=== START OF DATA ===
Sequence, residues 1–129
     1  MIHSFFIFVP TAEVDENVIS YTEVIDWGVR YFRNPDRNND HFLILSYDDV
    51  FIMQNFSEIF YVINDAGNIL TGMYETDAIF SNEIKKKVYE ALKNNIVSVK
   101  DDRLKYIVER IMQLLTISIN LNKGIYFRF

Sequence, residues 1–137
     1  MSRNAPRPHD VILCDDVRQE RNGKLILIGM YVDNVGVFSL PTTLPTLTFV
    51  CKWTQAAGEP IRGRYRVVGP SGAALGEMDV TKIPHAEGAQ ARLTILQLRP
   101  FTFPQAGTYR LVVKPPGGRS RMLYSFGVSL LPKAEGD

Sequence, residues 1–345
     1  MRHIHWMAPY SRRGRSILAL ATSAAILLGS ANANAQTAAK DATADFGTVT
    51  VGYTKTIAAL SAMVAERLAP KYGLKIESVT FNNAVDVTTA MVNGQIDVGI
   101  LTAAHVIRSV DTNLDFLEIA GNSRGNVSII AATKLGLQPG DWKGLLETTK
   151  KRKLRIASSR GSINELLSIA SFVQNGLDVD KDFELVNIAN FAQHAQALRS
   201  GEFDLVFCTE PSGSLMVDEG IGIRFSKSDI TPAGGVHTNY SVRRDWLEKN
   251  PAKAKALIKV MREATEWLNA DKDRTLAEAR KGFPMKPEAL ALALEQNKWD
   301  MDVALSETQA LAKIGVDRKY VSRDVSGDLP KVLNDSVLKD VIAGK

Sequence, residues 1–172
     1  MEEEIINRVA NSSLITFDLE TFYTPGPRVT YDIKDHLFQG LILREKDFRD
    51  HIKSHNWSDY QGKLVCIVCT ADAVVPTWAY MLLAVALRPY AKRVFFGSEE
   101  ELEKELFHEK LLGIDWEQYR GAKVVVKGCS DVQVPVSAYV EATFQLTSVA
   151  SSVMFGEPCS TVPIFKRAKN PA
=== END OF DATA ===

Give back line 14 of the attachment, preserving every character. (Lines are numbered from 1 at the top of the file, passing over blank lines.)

   201  GEFDLVFCTE PSGSLMVDEG IGIRFSKSDI TPAGGVHTNY SVRRDWLEKN